After proudly reigning as the face of the “fourth industrial revolution” and Digital India initiative, Prime Minister Narendra Modi has found himself the butt of several jokes for his knowledge of technology.
After being trolled for claiming that cloud cover on the day of the Balakot air strikes made the Indian Air Force undetectable to Pakistan, Modi is again being mocked for comments related to digital cameras and emails.
In an interview with News Nation, Modi said he used a digital camera for the first time in 1987 or 1988 to take pictures of BJP member L K Advani. He also said he used email then.
“I first used a digital camera, probably in 1987 or 1988 and very few had emails at that time in Viramgam tehsil; there was a rally of Advani ji, so I had taken a photograph of him using that digital camera,” he said, gesturing to show how large digital cameras were then.
Modi went on to say that he had the camera sent to Delhi where the photograph was printed in colour the next day.
“Advani ji was so surprised, how come the coloured photo got published the very next day in Delhi!” he added.
In the same interview, Modi said despite cloudy and rainy weather, he approved the Balakot air strikes across the Line of Control because the clouds would hide the IAF planes from Pakistani radars.
He called this decision one of “raw wisdom”.
“The weather was not good on the day of air strikes. There was a thought that crept in the minds of the experts that the day of strikes should be changed. However, I suggested that the clouds could actually help our planes escape the radars,” said Modi.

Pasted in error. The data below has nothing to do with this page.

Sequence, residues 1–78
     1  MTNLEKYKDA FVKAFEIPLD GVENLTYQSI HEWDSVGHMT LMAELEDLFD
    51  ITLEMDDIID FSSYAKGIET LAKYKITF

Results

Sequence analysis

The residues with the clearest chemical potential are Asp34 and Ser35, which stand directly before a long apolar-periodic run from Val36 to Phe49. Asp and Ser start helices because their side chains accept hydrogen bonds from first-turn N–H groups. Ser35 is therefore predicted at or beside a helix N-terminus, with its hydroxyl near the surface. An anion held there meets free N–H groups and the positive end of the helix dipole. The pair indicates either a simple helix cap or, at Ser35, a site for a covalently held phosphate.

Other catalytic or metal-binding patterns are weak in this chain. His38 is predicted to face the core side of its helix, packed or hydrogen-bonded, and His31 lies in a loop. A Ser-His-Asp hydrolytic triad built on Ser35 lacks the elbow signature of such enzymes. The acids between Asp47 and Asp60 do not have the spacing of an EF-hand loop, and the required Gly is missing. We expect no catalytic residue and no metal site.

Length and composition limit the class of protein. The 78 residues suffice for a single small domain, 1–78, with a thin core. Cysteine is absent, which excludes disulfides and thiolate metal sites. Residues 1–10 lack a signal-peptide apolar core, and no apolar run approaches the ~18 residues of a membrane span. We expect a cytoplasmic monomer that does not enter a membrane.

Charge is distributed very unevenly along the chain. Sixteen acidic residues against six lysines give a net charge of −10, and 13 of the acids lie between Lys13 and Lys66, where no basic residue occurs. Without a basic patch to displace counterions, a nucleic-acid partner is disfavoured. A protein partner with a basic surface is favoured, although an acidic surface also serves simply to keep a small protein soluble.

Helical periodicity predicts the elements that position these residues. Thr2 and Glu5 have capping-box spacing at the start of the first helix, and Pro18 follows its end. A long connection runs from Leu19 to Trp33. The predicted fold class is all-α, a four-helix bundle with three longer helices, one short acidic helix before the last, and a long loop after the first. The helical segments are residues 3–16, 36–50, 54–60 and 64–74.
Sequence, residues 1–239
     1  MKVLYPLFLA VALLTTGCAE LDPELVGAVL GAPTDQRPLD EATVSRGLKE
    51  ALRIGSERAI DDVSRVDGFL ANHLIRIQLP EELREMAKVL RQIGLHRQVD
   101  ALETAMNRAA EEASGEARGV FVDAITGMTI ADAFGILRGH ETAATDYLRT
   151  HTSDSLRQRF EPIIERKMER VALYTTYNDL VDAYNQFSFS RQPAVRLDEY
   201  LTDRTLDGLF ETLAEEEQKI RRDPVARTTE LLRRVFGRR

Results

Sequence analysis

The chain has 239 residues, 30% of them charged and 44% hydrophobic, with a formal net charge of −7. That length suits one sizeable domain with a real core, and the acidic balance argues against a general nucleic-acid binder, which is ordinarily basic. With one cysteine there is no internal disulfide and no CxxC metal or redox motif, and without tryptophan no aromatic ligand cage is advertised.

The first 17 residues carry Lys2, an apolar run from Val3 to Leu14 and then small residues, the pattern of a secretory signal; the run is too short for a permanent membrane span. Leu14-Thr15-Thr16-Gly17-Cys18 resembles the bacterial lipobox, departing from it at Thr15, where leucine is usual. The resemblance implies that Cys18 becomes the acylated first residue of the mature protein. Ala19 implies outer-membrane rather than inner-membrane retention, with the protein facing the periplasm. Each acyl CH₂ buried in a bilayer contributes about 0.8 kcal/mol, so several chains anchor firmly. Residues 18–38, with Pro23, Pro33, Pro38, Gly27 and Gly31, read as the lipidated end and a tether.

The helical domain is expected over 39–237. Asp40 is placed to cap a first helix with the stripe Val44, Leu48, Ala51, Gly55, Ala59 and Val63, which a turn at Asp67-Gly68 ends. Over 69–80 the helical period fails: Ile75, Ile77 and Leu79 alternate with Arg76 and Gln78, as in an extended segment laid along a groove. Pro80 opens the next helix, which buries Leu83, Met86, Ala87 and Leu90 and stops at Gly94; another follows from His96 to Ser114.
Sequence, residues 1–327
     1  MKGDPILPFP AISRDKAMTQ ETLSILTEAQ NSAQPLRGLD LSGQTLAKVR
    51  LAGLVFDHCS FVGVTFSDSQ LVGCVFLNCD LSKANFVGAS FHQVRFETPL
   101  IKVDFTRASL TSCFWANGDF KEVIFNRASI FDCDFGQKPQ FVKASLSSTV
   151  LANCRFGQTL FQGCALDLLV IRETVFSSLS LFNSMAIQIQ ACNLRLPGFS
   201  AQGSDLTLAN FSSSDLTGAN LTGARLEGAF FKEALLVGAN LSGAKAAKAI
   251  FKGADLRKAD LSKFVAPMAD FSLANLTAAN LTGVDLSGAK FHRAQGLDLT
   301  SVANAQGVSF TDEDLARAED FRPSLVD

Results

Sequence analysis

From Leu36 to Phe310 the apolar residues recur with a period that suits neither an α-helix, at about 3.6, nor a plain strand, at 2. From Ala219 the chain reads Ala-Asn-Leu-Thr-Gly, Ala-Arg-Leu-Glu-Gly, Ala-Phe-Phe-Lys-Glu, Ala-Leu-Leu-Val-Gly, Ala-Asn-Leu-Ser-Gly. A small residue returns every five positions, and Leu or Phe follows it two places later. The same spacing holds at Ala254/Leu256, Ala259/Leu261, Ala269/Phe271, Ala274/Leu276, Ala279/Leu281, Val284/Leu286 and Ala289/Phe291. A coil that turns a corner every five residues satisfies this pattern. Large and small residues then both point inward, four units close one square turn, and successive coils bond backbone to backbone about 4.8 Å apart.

Let’s face-check digital camera and email claims
CNET explains that the very first digital camera was developed by Steven Sasson, an Eastman Kodak engineer, in 1975. Then, later in 1981, Sony launched the Mavica or Magnetic Video Camera that was closer to an analogue TV camera than the handheld digital cameras we use today. Moreover, Sony’s model was used to cover high-profile events, like the 1984 Olympics, and not by regular consumers.
The 1988 Fuji DS-1P was the “first true digital hand-held camera”, but it did not sell commercially. It was only in 1990 that engineers manufactured the Dycam Model 1 as a consumer digital camera.
In 1991, the Kodak Digital Camera System (DCS) 100 also became a commercial megapixel digital camera.
Modi also claimed that the digital image he took was printed in colour.
The Dycam Model 1 camera produced photos in black and white, not colour. Kodak’s DCS 100 had a colour option, but the model was mostly sold to professionals for $10,000 to $20,000.